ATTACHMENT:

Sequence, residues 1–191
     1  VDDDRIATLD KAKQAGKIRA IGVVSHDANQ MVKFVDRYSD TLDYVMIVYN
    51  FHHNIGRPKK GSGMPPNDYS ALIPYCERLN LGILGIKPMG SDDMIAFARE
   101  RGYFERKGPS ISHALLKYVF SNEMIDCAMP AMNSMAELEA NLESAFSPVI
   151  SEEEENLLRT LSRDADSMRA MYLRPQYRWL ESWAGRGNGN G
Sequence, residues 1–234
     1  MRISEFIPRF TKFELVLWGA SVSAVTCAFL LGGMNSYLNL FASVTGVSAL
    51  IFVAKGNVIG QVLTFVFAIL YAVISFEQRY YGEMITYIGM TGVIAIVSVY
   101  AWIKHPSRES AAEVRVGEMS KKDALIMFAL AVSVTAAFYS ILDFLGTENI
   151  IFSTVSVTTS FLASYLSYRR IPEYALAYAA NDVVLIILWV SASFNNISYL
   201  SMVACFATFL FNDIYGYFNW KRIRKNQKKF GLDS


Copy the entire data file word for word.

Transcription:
Sequence, residues 1–191
     1  VDDDRIATLD KAKQAGKIRA IGVVSHDANQ MVKFVDRYSD TLDYVMIVYN
    51  FHHNIGRPKK GSGMPPNDYS ALIPYCERLN LGILGIKPMG SDDMIAFARE
   101  RGYFERKGPS ISHALLKYVF SNEMIDCAMP AMNSMAELEA NLESAFSPVI
   151  SEEEENLLRT LSRDADSMRA MYLRPQYRWL ESWAGRGNGN G
Sequence, residues 1–234
     1  MRISEFIPRF TKFELVLWGA SVSAVTCAFL LGGMNSYLNL FASVTGVSAL
    51  IFVAKGNVIG QVLTFVFAIL YAVISFEQRY YGEMITYIGM TGVIAIVSVY
   101  AWIKHPSRES AAEVRVGEMS KKDALIMFAL AVSVTAAFYS ILDFLGTENI
   151  IFSTVSVTTS FLASYLSYRR IPEYALAYAA NDVVLIILWV SASFNNISYL
   201  SMVACFATFL FNDIYGYFNW KRIRKNQKKF GLDS